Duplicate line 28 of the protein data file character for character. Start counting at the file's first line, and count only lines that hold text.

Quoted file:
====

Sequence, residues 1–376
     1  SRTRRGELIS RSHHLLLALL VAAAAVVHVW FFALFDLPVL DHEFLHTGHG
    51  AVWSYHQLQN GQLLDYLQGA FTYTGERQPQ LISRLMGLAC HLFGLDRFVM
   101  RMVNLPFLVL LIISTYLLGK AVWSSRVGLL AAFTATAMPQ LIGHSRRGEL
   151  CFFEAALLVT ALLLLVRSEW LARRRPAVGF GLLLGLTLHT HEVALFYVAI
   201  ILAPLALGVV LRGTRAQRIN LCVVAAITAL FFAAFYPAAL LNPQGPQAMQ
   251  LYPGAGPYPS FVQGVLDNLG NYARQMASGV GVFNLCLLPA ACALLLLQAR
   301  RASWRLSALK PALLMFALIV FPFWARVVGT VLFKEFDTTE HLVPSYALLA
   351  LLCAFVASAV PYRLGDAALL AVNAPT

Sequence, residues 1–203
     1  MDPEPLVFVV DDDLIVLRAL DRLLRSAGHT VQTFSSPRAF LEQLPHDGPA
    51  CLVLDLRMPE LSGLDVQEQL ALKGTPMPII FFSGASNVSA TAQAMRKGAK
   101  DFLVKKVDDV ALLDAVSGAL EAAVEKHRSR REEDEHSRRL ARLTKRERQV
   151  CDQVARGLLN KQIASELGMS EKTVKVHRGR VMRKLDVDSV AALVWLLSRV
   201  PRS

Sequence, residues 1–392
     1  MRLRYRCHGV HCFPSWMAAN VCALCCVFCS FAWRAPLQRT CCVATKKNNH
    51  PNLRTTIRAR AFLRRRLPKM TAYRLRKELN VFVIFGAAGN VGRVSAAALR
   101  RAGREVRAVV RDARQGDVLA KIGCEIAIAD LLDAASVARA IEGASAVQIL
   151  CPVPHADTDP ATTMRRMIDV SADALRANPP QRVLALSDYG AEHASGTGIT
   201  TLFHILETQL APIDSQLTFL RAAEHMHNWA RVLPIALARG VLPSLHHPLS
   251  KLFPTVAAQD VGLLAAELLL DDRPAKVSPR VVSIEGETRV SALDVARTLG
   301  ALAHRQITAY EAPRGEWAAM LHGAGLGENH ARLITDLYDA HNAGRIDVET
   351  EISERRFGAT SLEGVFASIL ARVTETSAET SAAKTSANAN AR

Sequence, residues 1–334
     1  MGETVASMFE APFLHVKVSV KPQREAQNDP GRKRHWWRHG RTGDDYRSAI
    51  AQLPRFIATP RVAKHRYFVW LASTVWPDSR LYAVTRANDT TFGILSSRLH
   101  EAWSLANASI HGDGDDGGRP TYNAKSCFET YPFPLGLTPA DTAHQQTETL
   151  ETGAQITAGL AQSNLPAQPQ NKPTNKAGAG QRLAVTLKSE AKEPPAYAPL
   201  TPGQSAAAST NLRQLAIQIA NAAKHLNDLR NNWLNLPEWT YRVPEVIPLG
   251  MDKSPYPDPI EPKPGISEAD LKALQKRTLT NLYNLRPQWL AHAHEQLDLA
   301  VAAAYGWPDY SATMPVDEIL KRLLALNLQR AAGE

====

   101  EAWSLANASI HGDGDDGGRP TYNAKSCFET YPFPLGLTPA DTAHQQTETL